Electricity in the German-Austrian market is traded at a uniform price. At times of high wind power production in the north of Germany, the zone’s electricity price is pushed right down. As a result, power stations in southern Germany are being switched off, as their running costs mean they cannot turn a profit.
At the same time, demand picks up as domestic industrial consumers and importers from abroad take advantage of the cheap power. This means huge amounts of electricity should flow from north to south. But according to the German grid regulator, the Bundesnetzagentur (Federal Network Agency), the physical capacity of the grid is limited, both within Germany along the river Main which runs through Bavaria and Hesse, and at the German-Austrian border – though this is disputed by Austria. Connections between the German and Austrian grids can only carry 5.5 gigawatts (GW) and in exceptional circumstances up to 7 GW, but the Federal Network Agency has recorded trading of more than 10 GW at times, roughly equal to the capacity of 20 large coal power plants.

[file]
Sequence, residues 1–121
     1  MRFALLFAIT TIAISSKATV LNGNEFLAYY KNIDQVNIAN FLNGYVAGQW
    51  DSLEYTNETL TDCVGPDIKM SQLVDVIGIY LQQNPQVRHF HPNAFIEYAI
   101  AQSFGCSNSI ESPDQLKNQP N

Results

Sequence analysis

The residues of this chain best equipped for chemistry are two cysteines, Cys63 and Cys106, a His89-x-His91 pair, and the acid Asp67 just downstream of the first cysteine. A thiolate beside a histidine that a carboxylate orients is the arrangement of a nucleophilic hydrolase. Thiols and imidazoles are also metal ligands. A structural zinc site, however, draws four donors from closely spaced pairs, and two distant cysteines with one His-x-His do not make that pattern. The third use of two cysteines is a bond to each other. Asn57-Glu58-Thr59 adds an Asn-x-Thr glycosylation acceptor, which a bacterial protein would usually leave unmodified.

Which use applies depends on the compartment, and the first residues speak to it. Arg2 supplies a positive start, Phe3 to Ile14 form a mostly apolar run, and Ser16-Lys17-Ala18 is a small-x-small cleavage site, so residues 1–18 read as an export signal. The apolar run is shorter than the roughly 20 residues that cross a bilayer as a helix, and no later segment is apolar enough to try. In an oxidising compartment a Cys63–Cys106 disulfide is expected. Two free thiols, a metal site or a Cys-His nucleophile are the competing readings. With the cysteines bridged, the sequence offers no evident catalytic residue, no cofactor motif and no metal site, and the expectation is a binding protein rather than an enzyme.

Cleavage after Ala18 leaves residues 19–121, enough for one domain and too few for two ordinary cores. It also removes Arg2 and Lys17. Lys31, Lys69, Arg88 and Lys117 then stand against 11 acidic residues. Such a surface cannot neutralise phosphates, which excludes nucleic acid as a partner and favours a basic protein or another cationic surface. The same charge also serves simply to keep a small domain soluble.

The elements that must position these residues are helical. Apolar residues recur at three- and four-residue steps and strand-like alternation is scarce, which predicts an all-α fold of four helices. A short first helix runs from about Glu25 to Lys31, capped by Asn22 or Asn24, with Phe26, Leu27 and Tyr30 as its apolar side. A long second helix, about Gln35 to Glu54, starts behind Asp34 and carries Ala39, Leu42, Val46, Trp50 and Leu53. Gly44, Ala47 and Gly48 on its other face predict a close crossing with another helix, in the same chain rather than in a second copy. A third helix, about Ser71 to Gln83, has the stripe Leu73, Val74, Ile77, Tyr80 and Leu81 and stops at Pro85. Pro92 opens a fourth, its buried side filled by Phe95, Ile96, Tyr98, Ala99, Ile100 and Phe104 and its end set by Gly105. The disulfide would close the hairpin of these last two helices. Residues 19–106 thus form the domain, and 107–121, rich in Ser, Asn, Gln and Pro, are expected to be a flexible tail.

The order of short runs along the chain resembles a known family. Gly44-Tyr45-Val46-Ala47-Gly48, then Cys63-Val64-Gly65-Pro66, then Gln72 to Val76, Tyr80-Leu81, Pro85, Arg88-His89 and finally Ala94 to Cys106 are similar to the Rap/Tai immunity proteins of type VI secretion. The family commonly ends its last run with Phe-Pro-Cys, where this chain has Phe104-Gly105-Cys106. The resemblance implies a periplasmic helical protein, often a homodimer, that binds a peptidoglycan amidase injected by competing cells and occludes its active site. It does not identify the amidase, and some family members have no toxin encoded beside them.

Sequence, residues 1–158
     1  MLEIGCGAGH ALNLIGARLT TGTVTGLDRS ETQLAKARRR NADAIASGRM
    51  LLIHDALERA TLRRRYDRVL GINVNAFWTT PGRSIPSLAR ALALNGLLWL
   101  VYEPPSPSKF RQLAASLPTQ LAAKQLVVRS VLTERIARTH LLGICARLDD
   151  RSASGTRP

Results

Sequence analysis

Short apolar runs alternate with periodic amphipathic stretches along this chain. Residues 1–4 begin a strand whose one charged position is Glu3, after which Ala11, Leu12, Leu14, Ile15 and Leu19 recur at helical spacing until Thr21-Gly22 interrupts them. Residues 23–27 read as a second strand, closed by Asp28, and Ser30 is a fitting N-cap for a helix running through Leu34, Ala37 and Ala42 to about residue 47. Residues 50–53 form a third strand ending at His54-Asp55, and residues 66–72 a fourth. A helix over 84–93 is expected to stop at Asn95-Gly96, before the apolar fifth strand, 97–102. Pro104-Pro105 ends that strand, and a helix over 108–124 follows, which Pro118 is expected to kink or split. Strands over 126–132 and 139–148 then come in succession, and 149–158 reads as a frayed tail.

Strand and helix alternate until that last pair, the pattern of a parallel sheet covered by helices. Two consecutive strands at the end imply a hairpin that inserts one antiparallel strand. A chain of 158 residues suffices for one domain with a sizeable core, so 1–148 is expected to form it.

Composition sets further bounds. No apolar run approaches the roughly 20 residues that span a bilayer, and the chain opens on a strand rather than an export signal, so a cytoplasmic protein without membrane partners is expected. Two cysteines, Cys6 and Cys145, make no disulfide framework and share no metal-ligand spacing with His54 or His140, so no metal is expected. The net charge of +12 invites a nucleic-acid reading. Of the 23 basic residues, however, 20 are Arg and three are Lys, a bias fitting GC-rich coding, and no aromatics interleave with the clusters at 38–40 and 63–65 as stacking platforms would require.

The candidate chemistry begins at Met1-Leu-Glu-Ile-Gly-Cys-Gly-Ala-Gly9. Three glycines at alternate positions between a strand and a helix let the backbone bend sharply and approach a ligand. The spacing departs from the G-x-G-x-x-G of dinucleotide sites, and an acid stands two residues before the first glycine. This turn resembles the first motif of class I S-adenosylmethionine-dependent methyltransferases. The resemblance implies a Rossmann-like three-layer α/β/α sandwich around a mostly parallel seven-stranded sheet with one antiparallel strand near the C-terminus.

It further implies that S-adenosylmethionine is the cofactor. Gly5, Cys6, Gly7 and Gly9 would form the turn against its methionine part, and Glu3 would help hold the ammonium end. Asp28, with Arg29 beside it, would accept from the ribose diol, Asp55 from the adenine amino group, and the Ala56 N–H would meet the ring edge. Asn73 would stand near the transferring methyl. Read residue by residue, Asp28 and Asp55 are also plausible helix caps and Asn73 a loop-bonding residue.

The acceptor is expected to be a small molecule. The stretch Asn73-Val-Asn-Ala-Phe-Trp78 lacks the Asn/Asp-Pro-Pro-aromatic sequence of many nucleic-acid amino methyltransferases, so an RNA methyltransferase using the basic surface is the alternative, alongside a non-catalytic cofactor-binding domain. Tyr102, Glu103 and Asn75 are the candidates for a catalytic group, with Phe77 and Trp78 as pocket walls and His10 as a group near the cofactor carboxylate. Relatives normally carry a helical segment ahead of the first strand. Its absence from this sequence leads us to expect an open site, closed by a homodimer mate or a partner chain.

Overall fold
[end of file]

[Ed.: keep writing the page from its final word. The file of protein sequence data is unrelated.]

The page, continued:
In their study, the four eastern European operators made a detailed case for the consequences: Large volumes of the traded electricity were pushed out of the German-Austrian zone because of congestion, taking detours abroad both to the west and east, and flowing back into the market further south, forming loops. They documented incidents in which half of the traded volume of electricity between Germany and Austria ended up flowing across the Polish-Czech border. This phenomenon, according to the study, put so much strain on the Polish and Czech grids that the breakdown of one major element – for example a large power plant – would have led to a major blackout, breaking the so-called “N-1 requirement” on several occasions.